Washington, D. C.
July 23, 1861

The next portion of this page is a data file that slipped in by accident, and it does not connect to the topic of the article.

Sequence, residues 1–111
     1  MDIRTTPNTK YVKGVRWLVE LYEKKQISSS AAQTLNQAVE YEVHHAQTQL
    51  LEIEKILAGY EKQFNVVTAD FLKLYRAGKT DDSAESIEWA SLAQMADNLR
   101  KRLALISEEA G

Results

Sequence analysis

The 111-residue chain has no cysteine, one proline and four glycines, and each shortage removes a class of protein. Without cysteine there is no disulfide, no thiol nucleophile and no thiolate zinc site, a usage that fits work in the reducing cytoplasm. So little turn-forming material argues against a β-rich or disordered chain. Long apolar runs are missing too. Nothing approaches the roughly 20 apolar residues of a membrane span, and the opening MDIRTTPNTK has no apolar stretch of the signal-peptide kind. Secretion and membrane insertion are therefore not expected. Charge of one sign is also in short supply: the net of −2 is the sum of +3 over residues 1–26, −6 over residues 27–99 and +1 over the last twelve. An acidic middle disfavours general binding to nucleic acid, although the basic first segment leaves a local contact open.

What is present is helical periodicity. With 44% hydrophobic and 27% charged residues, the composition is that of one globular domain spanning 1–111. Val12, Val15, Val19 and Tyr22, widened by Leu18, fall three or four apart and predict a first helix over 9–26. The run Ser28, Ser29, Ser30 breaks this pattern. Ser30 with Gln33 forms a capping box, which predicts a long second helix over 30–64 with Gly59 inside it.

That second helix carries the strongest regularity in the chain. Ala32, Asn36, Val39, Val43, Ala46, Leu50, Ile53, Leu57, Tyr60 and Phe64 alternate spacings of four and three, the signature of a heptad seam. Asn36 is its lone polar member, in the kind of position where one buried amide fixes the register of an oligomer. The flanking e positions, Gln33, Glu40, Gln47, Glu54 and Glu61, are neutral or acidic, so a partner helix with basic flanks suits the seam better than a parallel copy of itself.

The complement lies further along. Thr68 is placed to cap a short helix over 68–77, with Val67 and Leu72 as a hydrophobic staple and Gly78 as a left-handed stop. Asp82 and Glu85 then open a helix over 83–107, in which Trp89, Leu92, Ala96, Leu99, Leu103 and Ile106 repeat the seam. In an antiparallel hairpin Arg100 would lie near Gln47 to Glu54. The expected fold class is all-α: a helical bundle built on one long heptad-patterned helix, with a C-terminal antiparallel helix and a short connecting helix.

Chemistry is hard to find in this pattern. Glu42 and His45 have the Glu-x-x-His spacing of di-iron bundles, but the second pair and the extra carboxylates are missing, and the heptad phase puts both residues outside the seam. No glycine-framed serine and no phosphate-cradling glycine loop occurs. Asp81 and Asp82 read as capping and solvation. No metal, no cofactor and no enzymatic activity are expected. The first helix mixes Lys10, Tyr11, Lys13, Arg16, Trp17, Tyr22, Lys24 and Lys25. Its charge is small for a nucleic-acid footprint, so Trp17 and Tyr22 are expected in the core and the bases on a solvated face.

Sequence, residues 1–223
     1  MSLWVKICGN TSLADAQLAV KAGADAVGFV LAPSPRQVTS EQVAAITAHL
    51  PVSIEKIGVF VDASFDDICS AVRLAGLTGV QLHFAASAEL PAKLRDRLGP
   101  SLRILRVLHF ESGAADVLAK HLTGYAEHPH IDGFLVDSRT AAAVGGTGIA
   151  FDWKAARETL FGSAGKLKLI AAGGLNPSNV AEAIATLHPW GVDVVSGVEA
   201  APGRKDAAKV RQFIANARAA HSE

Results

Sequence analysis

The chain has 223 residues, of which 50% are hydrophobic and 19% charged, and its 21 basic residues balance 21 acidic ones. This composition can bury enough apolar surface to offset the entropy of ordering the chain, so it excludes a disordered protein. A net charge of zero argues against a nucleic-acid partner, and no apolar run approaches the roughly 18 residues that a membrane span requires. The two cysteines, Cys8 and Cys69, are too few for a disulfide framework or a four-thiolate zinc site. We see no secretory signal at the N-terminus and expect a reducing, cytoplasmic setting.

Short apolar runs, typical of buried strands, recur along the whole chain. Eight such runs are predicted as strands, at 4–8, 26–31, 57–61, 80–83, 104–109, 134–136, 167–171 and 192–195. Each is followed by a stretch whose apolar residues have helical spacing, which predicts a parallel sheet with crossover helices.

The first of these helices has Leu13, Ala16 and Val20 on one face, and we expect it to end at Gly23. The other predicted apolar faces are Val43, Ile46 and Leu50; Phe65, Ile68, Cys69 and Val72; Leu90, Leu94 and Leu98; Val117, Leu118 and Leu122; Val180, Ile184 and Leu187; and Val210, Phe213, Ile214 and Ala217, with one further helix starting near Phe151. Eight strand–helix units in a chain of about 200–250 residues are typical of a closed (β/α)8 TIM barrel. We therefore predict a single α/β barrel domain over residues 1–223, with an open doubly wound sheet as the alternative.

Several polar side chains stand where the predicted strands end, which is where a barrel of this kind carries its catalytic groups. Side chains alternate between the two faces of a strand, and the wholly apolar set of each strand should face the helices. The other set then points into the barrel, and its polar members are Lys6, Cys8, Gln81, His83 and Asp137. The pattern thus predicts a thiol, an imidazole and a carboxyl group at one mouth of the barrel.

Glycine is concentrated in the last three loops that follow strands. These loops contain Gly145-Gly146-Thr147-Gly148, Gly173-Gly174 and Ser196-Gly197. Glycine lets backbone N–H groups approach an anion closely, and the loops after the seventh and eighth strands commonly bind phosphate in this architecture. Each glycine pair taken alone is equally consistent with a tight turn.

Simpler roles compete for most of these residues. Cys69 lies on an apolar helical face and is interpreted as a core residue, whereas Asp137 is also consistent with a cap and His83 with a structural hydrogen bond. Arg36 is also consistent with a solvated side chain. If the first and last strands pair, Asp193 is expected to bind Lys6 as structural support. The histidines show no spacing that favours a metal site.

I suppose that you will have heard from us by telegraph before you receive this. The day before yesterday was the first time that we have had a chance to try our skill in the field fighting and the boys have done nobly but we lost our captain. He was shot through the heart and fell dead instantly. He stood by is giving commands and had his arms raised up encouraging the boys on. We lament his loss greatly. We all loved him and he was no coward. We lost somewhere between eight and twelve men and about that number wounded. Among the killed was one flag bearer. He was hit by three balls before he fell and after that he loaded and fired some three or four times. His name was Asa Miller from Cannon City I believe. We saved our company flag. Lieutenant Messick pulled it from the staff and wrapped it around him. We were forced to retreat for we found that we had fell in with the principal and in fact the majority of the southern army. They were somewhere between 100,000 and 150,000 strong and we were only about 53,000. The battleground was about 10 miles from Manassas Junction. This information about the strength of the enemy and their position was received from a prisoner that was taken by Co. B. I do not know how many men were lost from the Minnesota Regiment but we suffered less than some other. We were decoyed upon one of their masked batteries and they are the most treacherous people that were ever allowed to exist. They hoisted the Union flag as we advanced and would beckon their hands and show every appearance of being friendly until we got in range of them when they opened up on us. As we had special orders not to fire until ordered, we all dropped down. I did not see the boys drop at first and stood up until they had all laid down and I looked around first on one side, then on the other and could not see the enemy and as the bullets were flying about as thick as raindrops I thought that the safest place for me would be flat on the ground. We laid there about ten minutes when the order was given to retreat firing. By this time the enemy had come up in sight and the boys fired into them and killed them off pretty fast. We then retreated behind a hill covered with timber. The enemy then attempted to make a charge upon the N. Y. Zouaves and they come in range of one or two of our brass field pieces and they opened a fire of grape and canister upon them and it was a sight to see how quick they were driven back. It as a very foolish move. When we were marched up we went up behind our cannon. The enemy were throwing bombs and round shot. Our battery was then about as far off from them as Cole Bloomer’s house is from ours. They threw their shot away beyond us about 100 feet high. We were marched up on the enemy’s right flank intending to give them a flank fire but they were ready for us and had the advantage of us for we had been marched at a double quick step for about one mile besides marching about 10 miles that morning stating at 2:30 in the night.